Rick Hendrick broke the news to Steve Letarte at around 3 o'clock in the afternoon in late November of 2010. About 15 minutes after being told that he would henceforth be overseeing the No. 88 team of NASCAR's most popular driver, Letarte was in his car, on his way to Dale Earnhardt Jr.'s house. Even though they had worked under the same roof for three years to that point, the crew chief introduced himself as if they had never met.
"We started with a blank sheet of paper," Letarte remembered. "We didn't take any preconceived notions of what Dale's strengths or weaknesses were. I personally didn't listen to anybody else's opinions on Dale. I learned a lot from Mr. Hendrick on how to deal with people and with relationships, and the most important thing is to create your own relationship firsthand. Dale and I did that."
And so began the relationship that would help transform Earnhardt, slowly at first, from the black sheep of a dominant Hendrick Motorsports franchise to arguably the organization's top championship contender this season. Make no mistake, it was Earnhardt's name attached to that epic 143-race winless streak, which saddled him for more than four years. It was Earnhardt's name on the trophy that ultimately snapped the skid this past Sunday at Michigan International Speedway. But the road to that moment began in late 2010, directly on the heels of a second consecutive rotten season for the No. 88 team, when Hendrick shuffled his personnel and paired Earnhardt with a crew chief who proved capable of turning everything around.
Sunday was Earnhardt's moment and Earnhardt's triumph, clearly. But it was made possible in large part because of Letarte, who took plenty of grief asJeff Gordon's crew chief during that near-miss championship season of 2007, who even a week earlier at Pocono had drawn some raised eyebrows with an unpopular but necessary call to pit for fuel in the waning laps. For crew chiefs, that kind of second-guessing comes with waking up in the morning. None of that changes the indisputable fact that Letarte has been perhaps the singular catalyst in the rebuilding of both a program and a driver, that he instilled confidence, belief and professionalism within Earnhardt from almost the moment of his arrival, that over time he built cars capable of dominating a race just like they did at Michigan.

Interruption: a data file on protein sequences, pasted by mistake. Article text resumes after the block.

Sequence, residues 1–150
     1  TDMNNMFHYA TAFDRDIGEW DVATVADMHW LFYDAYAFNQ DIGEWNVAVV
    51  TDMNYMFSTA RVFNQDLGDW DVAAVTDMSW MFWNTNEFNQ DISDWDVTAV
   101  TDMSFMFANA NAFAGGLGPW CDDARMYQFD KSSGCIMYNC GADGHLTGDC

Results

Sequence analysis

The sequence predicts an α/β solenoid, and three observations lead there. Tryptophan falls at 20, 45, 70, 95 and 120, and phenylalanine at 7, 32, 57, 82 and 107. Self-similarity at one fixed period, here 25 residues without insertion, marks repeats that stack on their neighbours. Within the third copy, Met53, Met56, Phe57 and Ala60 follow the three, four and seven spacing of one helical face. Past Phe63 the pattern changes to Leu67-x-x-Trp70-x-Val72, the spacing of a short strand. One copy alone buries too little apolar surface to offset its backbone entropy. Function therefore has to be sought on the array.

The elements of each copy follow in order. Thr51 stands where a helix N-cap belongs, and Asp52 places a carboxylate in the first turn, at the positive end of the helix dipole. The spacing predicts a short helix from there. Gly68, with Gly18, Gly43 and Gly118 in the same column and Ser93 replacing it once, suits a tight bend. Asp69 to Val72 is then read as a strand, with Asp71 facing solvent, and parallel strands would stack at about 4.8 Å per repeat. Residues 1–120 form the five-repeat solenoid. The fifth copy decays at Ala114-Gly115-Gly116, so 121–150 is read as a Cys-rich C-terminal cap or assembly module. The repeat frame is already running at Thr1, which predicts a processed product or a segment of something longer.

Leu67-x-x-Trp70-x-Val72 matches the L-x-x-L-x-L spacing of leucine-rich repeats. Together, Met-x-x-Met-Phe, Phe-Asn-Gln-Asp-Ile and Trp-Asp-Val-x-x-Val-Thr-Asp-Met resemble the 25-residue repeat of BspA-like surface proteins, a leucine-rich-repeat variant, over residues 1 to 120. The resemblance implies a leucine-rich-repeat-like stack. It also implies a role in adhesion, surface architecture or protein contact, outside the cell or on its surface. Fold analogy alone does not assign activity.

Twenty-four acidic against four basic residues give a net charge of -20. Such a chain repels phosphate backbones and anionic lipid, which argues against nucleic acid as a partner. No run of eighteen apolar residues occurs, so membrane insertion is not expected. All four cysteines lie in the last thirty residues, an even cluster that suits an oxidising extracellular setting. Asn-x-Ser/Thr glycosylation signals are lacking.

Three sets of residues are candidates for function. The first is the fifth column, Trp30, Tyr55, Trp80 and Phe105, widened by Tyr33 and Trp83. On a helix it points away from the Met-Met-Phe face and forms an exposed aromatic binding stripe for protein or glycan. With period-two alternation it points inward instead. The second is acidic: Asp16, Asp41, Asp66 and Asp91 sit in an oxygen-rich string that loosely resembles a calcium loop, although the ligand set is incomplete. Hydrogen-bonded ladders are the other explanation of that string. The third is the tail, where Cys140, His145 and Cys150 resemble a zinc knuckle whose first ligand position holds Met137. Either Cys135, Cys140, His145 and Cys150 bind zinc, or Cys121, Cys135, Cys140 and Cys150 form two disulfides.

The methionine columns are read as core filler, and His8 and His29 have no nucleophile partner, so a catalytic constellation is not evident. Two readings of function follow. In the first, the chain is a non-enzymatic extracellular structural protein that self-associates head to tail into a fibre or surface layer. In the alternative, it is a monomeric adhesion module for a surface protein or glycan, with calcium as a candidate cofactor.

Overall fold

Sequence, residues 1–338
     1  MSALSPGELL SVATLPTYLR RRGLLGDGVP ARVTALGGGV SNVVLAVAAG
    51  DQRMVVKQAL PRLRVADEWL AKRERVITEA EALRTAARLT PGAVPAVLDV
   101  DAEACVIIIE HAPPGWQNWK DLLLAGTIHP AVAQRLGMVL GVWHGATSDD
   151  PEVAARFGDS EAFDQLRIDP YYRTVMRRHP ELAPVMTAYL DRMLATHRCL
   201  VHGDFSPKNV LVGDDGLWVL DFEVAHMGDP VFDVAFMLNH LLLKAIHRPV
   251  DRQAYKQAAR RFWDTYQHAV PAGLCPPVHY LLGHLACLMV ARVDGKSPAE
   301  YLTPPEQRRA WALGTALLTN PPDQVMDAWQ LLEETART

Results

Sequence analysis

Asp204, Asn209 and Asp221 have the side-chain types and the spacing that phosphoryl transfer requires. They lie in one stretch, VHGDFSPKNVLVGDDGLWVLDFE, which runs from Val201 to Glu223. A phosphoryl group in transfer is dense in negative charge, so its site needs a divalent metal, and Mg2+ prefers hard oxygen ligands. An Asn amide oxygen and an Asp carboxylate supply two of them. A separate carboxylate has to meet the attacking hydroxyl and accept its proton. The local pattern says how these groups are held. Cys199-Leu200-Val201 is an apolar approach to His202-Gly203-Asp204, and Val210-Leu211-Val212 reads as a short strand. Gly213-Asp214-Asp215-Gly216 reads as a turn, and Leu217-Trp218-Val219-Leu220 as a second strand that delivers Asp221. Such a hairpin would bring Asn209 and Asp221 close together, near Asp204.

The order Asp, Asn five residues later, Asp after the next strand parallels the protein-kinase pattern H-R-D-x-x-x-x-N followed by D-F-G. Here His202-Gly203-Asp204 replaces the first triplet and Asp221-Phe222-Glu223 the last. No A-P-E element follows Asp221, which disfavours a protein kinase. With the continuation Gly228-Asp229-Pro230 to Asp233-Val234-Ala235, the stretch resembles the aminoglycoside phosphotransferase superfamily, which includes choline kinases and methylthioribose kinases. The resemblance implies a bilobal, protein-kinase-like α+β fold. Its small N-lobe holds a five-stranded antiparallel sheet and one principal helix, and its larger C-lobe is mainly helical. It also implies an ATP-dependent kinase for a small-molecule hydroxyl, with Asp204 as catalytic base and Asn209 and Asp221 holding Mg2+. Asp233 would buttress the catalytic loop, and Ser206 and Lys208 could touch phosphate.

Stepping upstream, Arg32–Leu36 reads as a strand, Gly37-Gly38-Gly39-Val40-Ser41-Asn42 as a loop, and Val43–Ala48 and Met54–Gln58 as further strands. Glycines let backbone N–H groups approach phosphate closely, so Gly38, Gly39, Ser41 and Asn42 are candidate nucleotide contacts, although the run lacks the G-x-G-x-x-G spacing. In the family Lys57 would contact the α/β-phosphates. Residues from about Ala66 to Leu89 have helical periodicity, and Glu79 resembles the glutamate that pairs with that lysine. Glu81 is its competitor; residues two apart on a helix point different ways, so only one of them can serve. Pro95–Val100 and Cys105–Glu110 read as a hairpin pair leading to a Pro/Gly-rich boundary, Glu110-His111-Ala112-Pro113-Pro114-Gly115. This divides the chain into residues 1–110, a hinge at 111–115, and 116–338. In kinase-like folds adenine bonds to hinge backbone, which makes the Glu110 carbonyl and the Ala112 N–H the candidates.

"He's hard to compliment, because he doesn't take it very well. But him and that team, they can have all the credit -- my engineers and Steve sit in that lounge every weekend and make the car go. You know, they make it turn. They make it whatever I want it to do. If I ask them, you know, this is my problem and this is where we are hurting, they get together and they fix it," Earnhardt said after the drought-buster in the Irish Hills.
"I just trust that he's looking out for, not for the best interests of just me. He looks out for the entire team and puts great people around himself to be able to do the job right. We have a good group. ... When you go to the shop and watch him kind of work, you can see how this team is as good as it is just by being in the shop and watching him sort of dictate and move pieces around like on a chessboard. He's really sharp."
Letarte brought with him so many things Earnhardt needed. The cars have been solid from almost day one, turning a variable into a constant, even if it took until Sunday to burst through the dam. He came in with a reputation for being able to keep his driver focused and upbeat in the car, able to head off episodes like the one Earnhardt suffered at New Hampshire in 2008, when he nearly melted down over a set of poorly matched tires and required Hendrick to come over the radio to talk him off the ledge. At the same time, Letarte began to demand things of Earnhardt that no other crew chief ever had. Fill out post-race reports. Attend meetings. Be ready to get to the track early, and stay there late.